Once we ascended Pamola Peak from the Chimney, Helon Taylor Trail on the east side of the mountain descends 3.2 miles to Roaring Brook. The trail is named after a longtime park supervisor from 1950-1967, and is 3.2 miles with a 3,413 ft. descent.  This blaze is also Carolina blue.  This trail takes a direct route to the Roaring Brook trailhead from Pamola Peak. It is an extremely exposed trail so plan for the weather and after the first two stages it can tax the knees going down. The trail finally goes below tree line and goes quite a ways through the woods until you reach the junction with Chimney Pond with 0.1 miles to Roaring Brook Campground.  At this point after 10 miles, 12 hours and around 4,400 feet up and down we were hungry and exhausted and relieved that we had conquered the Greatest Mountain.  With a great sense of accomplishment, this hike was “boomin’!”  Definitely one to add to your bucket list and many call this a life changing experience.

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Tired but accomplished hikers

Additional Tips

This is a very strenuous and advanced hike along a steep loose rock pile with sheer cliffs, with bouldering and some climbing at the tree line and along the Knife Edge.  It takes planning, is a tough hike that you should be in shape for and I recommend some pre-hike training.

Plan for a long hike … we went about 9.6 miles in 10 hours; don’t let the distance fool you. The Hunt Trail is challenging, the Knife Edge is very rugged in places – the Chimney is almost a technical climb, and Helon Taylor a steep descent. The Baxter Peak side of the Knife Edge is a boulder scramble. The gap between Pamola and Chimney peaks can be very challenging because it is steep and many of the rocks you have to climb lean in towards the gap. These can be very dangerous in wet weather. Proper equipment and experience are a requirement. This hike should not be taken lightly and you should listen to the rangers prior to making the climb. There is not much help around if you run into trouble. The most difficult and time consuming portions of the hike are exposed and above treeline.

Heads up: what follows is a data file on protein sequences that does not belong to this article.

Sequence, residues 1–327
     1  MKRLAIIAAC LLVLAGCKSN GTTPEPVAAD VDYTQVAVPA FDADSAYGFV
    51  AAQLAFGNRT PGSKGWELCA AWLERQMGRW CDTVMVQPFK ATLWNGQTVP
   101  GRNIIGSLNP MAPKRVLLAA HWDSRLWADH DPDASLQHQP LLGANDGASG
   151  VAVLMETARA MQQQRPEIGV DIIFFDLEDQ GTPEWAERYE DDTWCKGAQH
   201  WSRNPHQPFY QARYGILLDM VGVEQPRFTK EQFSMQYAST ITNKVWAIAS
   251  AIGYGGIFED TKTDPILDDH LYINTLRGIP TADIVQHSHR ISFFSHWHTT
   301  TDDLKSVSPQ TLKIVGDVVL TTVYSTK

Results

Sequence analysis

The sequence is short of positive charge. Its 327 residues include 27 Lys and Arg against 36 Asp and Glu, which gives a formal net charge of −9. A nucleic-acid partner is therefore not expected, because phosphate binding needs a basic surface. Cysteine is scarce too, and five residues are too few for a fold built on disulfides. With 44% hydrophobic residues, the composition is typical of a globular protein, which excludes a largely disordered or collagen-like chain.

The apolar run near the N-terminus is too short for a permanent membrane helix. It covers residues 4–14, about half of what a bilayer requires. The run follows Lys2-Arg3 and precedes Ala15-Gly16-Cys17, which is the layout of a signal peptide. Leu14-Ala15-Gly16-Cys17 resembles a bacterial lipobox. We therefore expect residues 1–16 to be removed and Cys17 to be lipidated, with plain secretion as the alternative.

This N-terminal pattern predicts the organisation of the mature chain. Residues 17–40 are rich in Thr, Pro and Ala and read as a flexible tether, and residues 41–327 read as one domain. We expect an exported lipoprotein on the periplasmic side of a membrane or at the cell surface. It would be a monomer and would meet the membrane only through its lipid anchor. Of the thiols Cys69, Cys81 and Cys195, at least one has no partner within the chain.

Do not do this hike if you are scared of heights, out of shape or not good at climbing.  Bring proper gear – that means sturdy shoes, water, sun screen, food for energy and hiking poles (which you may put away when traversing the Knife Edge).

Several people have died or have been seriously injured while attempting a traverse in inclement weather and/or high winds. Do not attempt to leave the ridge once you have started. Hiking Knife Edge across and back is not recommended due to its difficulty and the amount of time it adds to the hike – it takes approximately 1.5 hrs. one way. At the bottom, Rangers will allow vehicle pick up from the camping parking areas (without a parking permit) if after about 3PM. There is no water on this trail. Trailhead Parking Lots: Roaring Brook Campground, Abol Campground, or Katahdin Stream Campground.

Also note rangers REQUIRE you to carry a flashlight or headlamp.

Baxter State Park Headquarters address is 64 Balsam Drive, Millinocket, Maine 04462. Headquarters is 18 miles from the South Park Entrance at Togue Pond Gate and over 60 miles from the North Entrance at Matagamon Gate. Directions to the Togue Pond Gatehouse (south entrance to Baxter State Park): Travel I-95 to Exit 244; turn west on Route 157 and travel through Medway, East Millinocket and Millinocket. Proceed through both traffic lights in Millinocket. Bear right at the three-way intersection after the second traffic light in downtown Millinocket. Bear left at the next Y intersection, staying on the main road (Rt. 157 ends in Millinocket, and the road to the park is unnumbered- the road has several names, Baxter State Park Road, Lake Road, or Millinocket Lake Road). Eight miles from Millinocket, pass buildings and Northwoods Trading Post on the right. Continue another 8 miles on the blacktop road to Togue Pond Gatehouse. (Park Headquarters is right behind the McDonalds at the first traffic light in Millinocket).

Easier Path to the Baxter Peak Summit

Note that the easiest path to the top of Baxter Peak is via the Chimney Pond and Saddle trails, still demanding and much less dangerous… start at the Roaring Springs Campground.

Where to stay and eat

There a few places to stay and eat.  We stayed at the Baxter Park Inn (no frills) and ate at Ruthie’s Hotel Terrace Restaurant (home cooking).  Other options include the Katahdin Inn and Suites, and the Appalachian Trail Café which are good bets.  You can Google more.

Day Use Parking Reservations

You’ll need to make a Reservation to hike Katahdin (both Day Use and Camping):

These Reservations are for Katahdin access trailhead parking lots only. A must have for summer days and most weekends if you want to climb Katahdin.

Facilities include restrooms near trailheads, 10 campgrounds, a Visitor Center, and many picnic shelters/areas.

For more information, Baxter State Park Website

The more you read on this website, the more excited you’ll get.  Happy Hiking!